By Guest Contributor: Rachel Kuo
The popular reception of David Chang’s Netflix series Ugly Delicious – which seeks to open conversations about food, culture, identity, and politics – demands investigation into how the show actually engages these questions. Beyond troubling concepts like ‘authenticity’, what does Ugly Delicious offer and where might it fall short?
Ugly Delicious has received positive reviews from popular food sites like Eater, while publications like the New Yorker, New York Times, the Boston Globe, Vulture, and Indiewire specifically laud the show’s ability to tackle the cultural politics of food and engage difficult questions about race, class, and power in food culture. Chang himself states that the show uses food as a ‘Trojan Horse’ to talk about broader social topics as well as to represent histories and tell cultural stories about food.
Through Ugly Delicious, Chang is able to talk about the “elephant in the room: racism” (Episode 7: Fried Rice). By leveraging his elite status in the culinary world, his success in building restaurants that ‘mix’ and ‘borrow’ from different cuisines, and his ability to expertly navigate his Korean American identity, Chang is able to engage in debates about culinary appropriation in mainstream media where other people of color who have written bout food and race have been met with criticism, backlash, anger, and trolling.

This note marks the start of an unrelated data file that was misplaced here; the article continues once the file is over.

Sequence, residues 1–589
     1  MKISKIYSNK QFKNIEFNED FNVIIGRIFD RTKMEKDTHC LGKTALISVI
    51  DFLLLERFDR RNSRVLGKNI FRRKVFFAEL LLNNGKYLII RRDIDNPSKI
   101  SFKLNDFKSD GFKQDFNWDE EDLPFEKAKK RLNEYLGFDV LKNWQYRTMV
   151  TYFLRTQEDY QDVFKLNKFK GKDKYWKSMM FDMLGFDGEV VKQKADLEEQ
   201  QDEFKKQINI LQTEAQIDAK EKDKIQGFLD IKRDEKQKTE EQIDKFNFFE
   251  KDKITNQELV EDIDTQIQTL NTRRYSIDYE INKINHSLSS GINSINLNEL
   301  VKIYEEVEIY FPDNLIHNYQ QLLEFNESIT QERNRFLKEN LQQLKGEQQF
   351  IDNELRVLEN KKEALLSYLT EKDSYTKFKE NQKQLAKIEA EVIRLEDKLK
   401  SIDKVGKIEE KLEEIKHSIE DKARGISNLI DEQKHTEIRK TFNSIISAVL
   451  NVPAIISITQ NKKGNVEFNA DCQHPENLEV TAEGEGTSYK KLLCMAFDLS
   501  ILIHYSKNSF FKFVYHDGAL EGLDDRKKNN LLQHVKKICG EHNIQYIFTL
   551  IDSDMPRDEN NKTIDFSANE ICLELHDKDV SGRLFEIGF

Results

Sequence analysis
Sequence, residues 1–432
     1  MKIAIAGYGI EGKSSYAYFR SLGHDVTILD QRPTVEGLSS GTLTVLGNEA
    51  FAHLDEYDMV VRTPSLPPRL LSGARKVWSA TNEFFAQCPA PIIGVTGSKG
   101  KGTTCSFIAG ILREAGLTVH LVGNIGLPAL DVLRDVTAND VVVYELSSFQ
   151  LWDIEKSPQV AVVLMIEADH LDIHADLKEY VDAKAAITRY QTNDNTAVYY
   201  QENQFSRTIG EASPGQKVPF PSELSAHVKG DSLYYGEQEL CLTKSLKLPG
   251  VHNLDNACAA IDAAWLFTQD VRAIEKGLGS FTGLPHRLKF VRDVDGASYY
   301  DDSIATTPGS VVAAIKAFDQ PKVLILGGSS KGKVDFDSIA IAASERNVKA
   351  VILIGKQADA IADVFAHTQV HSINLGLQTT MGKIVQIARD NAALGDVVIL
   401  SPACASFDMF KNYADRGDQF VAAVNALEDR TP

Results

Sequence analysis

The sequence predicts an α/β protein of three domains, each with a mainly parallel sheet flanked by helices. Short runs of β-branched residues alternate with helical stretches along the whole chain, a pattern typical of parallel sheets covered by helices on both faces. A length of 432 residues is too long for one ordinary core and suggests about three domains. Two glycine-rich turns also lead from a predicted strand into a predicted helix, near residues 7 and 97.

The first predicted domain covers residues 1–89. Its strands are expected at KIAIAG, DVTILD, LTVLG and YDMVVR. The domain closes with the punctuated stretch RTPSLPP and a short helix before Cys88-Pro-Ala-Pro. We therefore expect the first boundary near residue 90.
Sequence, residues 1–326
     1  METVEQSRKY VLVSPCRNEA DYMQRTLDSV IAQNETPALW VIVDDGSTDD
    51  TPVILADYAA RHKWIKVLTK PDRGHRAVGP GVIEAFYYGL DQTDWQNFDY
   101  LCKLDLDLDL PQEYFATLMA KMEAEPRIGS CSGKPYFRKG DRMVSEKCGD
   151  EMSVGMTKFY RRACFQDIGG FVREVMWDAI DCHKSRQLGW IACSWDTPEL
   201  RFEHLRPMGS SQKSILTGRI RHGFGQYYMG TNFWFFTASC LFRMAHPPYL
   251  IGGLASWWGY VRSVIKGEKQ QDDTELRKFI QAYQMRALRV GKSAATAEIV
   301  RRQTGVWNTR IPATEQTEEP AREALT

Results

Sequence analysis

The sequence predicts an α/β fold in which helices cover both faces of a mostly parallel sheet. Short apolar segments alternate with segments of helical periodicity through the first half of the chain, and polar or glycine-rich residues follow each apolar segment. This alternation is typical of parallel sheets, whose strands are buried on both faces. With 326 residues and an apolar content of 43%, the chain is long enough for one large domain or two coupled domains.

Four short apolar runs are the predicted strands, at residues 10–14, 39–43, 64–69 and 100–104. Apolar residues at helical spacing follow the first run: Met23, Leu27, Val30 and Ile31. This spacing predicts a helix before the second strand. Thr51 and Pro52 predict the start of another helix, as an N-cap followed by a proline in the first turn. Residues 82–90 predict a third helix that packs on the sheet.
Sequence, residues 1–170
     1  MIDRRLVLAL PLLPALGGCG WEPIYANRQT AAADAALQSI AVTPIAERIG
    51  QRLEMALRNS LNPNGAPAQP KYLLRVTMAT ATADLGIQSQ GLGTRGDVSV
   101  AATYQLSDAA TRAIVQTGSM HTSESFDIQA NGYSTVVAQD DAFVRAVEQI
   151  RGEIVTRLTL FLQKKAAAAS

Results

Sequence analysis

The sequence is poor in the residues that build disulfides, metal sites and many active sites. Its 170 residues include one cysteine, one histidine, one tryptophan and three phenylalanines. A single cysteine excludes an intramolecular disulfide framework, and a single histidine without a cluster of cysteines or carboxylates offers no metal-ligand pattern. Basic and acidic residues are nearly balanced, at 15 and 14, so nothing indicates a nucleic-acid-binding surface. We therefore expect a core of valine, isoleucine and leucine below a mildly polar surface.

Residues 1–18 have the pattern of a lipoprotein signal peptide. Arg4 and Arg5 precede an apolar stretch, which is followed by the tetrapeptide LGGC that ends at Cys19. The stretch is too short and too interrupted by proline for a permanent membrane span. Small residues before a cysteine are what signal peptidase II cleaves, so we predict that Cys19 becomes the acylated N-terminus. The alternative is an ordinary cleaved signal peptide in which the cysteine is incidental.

Ugly Delicious offers introductory conversations around the racial and cultural politics of food. For example, in ‘Fried Rice‘, ‘Tacos‘, and ‘Fried Chicken‘ episodes, the show establishes that in order to talk about food, taste, and authenticity, one must engage the ways in which structural racism decides whose food gets valued and why. What do we do with food when white supremacists want their Del Taco while seeking to deport Mexican immigrants, too? Chang contends with his conflicted emotions about the popularization of Korean food, evoking Ruth Tam’s writing on the frustration of being shamed for one’s food when white people make it trendy.
Despite provoking these nuanced ideas around race and food, Ugly Delicious also reproduces harmful cultural logics and narratives, such as the overemphasis on representational visibility as viable markers for social progress; the exacerbation of problematic racial dynamics around white self-identified cultural experts; and, the erasure of colonialism, militarism, and war when stating that certain food cultures have ‘always’ had global influence.
Given that the show intends to open up conversations about social issues through food, my hope is that it can spark further discussions about the intersections of food, race, power, and capital.
Below are five moments and elements from that show that we should engage further: